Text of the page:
The conference season is well underway, and Business Valuation Update has been on the virtual road, collecting the latest insights on a wide variety of topics. Here are some interesting takeaways from the New York State Society of CPAs (NYSSCPA) Business Valuation and Litigation Services Conference, held May 17. Topics included emerging issues (SPACs, cryptocurrency, Zoom as a practice-builder) and some new perspectives on evergreen topics (estate valuations, cannabis, distressed firms, and collaborations).
Mitchell Chosak (FSA LLC) greeted the online audience, and the committee chairpersons Harold Deiters III and Pasquale Rafanelli, who are both with Empire Valuation Consultants, gave opening remarks.
Michael Gregory (Michael Gregory), former IRS manager who was involved in the business valuations area at the agency, conducted the lead-off session. He is now in private practice and does a lot of work in the area of mediation. His session focused on developing the skills needed to develop a successful practice in exit and estate planning. Providing this type of valuation service typically involves a team of the client’s various experts, Gregory points out, so you need to hone your collaborative skills in terms of connecting relationships, listening actively, and educating judiciously. Gregory’s book, The Collaboration Effect, goes into this in great detail, but it all boils down to a matter of building trust.
Deiters and Rafanelli did a session on the operations and valuations in the cannabis industry. They noted that the industry is already a multibillion-dollar business and is poised to grow rapidly as new markets open and more states legalize both medical and recreational use. The most significant future “pivot” in this industry will be when cannabis becomes legal under federal law. Although legal in many states, under federal law, it has been classified as a Schedule I controlled substance, and, generally speaking, federal law preempts state law.
The valuation challenges are great for firms in this industry—here are just a few:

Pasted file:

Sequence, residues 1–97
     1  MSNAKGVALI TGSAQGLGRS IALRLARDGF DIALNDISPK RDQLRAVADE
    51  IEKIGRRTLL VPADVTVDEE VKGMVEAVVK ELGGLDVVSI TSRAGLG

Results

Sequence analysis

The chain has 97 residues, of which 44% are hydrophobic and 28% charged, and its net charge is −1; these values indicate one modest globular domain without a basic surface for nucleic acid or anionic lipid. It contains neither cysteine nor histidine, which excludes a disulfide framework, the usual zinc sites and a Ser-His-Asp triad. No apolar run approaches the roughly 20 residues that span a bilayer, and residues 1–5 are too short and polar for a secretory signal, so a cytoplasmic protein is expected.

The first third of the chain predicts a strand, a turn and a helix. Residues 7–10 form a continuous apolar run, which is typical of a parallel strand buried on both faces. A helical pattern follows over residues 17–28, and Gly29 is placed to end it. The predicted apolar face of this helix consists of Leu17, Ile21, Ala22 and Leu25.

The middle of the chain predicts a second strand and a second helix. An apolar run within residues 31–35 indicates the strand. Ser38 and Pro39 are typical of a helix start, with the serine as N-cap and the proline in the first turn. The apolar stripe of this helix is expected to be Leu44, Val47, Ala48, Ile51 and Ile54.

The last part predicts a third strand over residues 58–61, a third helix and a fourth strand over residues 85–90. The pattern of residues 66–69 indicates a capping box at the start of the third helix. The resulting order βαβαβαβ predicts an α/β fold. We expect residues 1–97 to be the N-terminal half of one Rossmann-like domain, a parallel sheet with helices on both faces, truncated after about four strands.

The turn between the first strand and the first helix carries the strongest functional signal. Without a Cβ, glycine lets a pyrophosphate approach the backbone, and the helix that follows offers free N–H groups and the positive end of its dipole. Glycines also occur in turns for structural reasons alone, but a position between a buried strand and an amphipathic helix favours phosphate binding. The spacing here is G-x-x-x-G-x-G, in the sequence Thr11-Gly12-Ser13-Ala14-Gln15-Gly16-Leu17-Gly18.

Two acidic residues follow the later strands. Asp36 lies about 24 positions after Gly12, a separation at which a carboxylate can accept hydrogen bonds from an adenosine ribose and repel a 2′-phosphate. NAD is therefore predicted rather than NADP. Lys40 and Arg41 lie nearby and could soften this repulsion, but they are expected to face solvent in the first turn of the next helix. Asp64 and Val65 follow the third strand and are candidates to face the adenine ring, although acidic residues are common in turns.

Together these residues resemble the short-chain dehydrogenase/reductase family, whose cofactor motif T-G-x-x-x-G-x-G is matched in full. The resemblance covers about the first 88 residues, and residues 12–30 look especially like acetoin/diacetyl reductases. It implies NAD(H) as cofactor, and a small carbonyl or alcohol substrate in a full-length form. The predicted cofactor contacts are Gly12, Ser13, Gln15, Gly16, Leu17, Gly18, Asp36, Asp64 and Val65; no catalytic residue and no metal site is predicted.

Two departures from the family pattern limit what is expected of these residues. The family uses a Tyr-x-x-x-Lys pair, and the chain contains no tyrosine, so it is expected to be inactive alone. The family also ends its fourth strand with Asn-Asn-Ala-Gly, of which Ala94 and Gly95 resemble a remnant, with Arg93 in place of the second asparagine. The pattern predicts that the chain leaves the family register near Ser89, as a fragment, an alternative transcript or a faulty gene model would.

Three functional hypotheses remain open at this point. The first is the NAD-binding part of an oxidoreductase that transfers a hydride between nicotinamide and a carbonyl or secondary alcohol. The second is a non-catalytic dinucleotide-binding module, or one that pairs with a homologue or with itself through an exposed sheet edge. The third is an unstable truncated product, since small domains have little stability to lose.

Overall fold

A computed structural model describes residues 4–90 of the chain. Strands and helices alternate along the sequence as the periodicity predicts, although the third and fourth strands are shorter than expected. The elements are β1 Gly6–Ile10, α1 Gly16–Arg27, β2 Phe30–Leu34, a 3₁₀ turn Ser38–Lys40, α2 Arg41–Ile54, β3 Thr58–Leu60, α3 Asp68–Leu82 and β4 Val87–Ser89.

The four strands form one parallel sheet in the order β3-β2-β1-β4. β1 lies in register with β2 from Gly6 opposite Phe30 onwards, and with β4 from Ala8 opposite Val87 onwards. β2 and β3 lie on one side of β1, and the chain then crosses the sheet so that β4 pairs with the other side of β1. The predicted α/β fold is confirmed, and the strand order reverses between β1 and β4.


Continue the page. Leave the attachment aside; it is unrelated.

- Lack of historical data and market transactions;
- Huge rate of change in most segments of the industry;
- Continued regulatory disruptions on both the federal and state fronts;
- Extraordinary unsystematic risk profiles; and
- Crop-related risks.
The speakers spent time discussing four specific issues to focus on when valuing a cannabis firm: license rights, lease, location, and legislative environment.
The biggest problem, the speakers say, stems from the tax law’s Section 280e, which prohibits cannabis firms from taking tax deductions for normal business expenses because marijuana is illegal under federal law. In recent years, numerous cannabis businesses that are legal under state law have unsuccessfully challenged this to no avail. Just recently, the U.S. Tax Court ruled against a California medical cannabis dispensary to continue the no-deduction trend.
3. Selling via Zoom
A very interesting session by Rod Burkert (Burkert Valuation Advisors LLC) revealed how to sell your firm’s services using Zoom. Like it or not, selling via this type of technology has become a needed (maybe even required) skill, he says. While many of us have “Zoom fatigue,” Burkert’s particular circumstances continue to embrace this technology he started using in 2018 because he operates his practice full-time out of an RV—he has no permanent location—so, as a “remote guy,” he loves Zoom and similar apps. Here are some of his pointers:
- You cannot just sit in front of the screen and talk—you need to use visual models that convey the why, what, and how of the services to be provided;
- He likens selling via Zoom to a bullfight in terms of the choreography (he noted, though, that sometimes the bull wins);
- A simple technique that “no one else is using” that will give you an edge over your competition is this: During the call, draw a picture using your iPad—it cuts out the viewer’s distractions and draws them in (one client told him the drawing is what got him the engagement); and
- To seal a deal for tough-to-sell services (such as exit planning), use a “paradigm shift” model, that is, ask whether the client wants to be in the large group of business owners who have no idea what their firm is worth or the smaller “in the know” group (use a pie chart visual model to help get this point across).
Burkert went through a number of other models and techniques to use when trying to close a deal via Zoom.
4. Crypto assets